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Racist Postals

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vintagelamp's loves180 of 3950Vintage  Cake Topper.An S.B. Story on a WW1 Lithograph
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    Posted 3 years ago

    (813 items)

    A couple very early 1900s racist postcards. The second has an ad on the back for Pond's Bitters. Both date before the Food and Drug Act (1906).

    The first is such a quality photochome.

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    1. PostCardCollector PostCardCollector, 3 years ago
      Derogatory postcards are very collectible... Black people collect them as well as white people--I have some, comparable... I did put some 1900 sheet music covers on, as you probably recall--and in shops they will sell well. They used to be "under the counter items" but as collectors realize this is a part of American history, and we all understand that- they are now recognized as historical collectibles.
      I agree! Number one is a really remarkable color litho of a real photo.
      any with kids exposed is taboo, or should have been, I think.
      It surprises me what people accepted back when. And sent thru the mail.
    2. PostCardCollector PostCardCollector, 3 years ago
      I watch Fox, several hours a day.Things are real "touchy" right now.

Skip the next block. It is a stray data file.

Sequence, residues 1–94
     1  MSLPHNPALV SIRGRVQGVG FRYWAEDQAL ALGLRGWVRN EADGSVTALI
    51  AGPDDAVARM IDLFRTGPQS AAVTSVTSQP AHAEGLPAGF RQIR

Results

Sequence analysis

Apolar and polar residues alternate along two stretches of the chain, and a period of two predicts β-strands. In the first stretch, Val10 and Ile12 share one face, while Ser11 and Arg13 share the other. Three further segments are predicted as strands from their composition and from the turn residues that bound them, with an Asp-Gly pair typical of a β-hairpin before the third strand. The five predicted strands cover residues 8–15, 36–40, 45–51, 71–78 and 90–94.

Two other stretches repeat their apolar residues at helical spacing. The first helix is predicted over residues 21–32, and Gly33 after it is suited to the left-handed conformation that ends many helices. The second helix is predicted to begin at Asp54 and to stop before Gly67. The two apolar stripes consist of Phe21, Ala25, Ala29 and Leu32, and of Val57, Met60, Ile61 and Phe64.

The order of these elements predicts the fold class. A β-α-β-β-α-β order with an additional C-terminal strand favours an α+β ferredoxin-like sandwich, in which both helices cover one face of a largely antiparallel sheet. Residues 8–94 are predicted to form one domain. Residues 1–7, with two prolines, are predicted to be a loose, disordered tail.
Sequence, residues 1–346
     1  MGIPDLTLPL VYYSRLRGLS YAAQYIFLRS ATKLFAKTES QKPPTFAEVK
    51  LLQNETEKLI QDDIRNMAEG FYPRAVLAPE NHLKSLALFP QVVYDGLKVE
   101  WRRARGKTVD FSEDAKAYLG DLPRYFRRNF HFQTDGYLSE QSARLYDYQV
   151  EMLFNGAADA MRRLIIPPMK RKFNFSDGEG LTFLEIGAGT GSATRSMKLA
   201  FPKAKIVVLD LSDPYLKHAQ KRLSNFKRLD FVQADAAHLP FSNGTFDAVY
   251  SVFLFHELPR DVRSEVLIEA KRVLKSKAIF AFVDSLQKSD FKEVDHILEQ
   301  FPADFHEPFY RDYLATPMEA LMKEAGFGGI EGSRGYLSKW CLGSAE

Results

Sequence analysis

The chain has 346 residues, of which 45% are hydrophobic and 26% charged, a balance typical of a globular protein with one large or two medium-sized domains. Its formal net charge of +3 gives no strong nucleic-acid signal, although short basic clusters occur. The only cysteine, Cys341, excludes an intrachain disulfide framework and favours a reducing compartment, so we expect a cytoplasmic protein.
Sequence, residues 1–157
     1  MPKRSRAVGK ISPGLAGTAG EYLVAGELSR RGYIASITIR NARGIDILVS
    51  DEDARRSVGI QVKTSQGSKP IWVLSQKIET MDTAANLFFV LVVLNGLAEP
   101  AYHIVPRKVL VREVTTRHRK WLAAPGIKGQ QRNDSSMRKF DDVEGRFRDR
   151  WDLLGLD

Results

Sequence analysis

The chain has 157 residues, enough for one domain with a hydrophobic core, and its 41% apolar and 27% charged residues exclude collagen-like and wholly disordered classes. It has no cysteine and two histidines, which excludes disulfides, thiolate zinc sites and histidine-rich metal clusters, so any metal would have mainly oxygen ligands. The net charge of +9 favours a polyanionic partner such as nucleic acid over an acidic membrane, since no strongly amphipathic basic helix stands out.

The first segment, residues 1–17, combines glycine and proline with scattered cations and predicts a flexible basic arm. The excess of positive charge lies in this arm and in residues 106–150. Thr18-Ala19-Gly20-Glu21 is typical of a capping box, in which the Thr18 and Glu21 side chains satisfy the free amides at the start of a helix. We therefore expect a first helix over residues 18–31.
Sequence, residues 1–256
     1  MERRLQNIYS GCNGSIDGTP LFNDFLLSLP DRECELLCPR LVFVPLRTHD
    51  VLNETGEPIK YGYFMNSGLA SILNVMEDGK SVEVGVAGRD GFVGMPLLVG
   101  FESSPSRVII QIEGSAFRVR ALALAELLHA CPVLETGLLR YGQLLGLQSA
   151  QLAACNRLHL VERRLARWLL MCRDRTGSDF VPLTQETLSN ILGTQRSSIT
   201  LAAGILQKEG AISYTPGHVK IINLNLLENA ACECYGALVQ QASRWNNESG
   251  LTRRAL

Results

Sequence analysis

3. PostCardCollector PostCardCollector, 3 years ago
      Ponds Bitters ad is a real hoot!No wonder people felt a bit better! ha ha!
    4. SpiritBear, 3 years ago
      The first, I just liked the litho. The second, I just wanted the ad. I have the ad-side out in my book. LOL.
      It would have been seen as cute and comical. You see cherubs all the time in art from then, and their butts are often exposed. The only thing covered are their wees and such.

      MacDaddyRico, I'm not for destroying artifacts, BUT, here is my take (as it doesn't bother me really and I'm not sure why anyone on either side is so upset) :
      to display anti-American ideals and/or historical reminders in public is offensive to some people. As such, I'd propose to just move them indoors for public viewing in museums where people can avoid if they'll be offended, and for those who want to see them, they can rest assured that they're out of the elements and away from degradation by vandals. A happy intermediate. Nothing is lost. Offense dies off.
      As for the Bitters, there were a few that were non-alcoholic. I would assume this one had alcohol in it, as most everything did (and we're heading that way again). I have an early 1900s cologne with a label that states "88% alcohol." Cologne!

      Post-Card Collector, isn't fox always touchy? Pond's made many medicinal products, though I've never seen their bitters. Not to say it's rare. It's just that so many bitters were made that no one can know them all.
    5. Phonoboy Phonoboy, 3 years ago
      Nice collection. I like that Franklin stamp.
    6. SpiritBear, 3 years ago
      Thank you, Phonoboy. It's the most commonly seen stamp, with maybe one exception, on antique postals.

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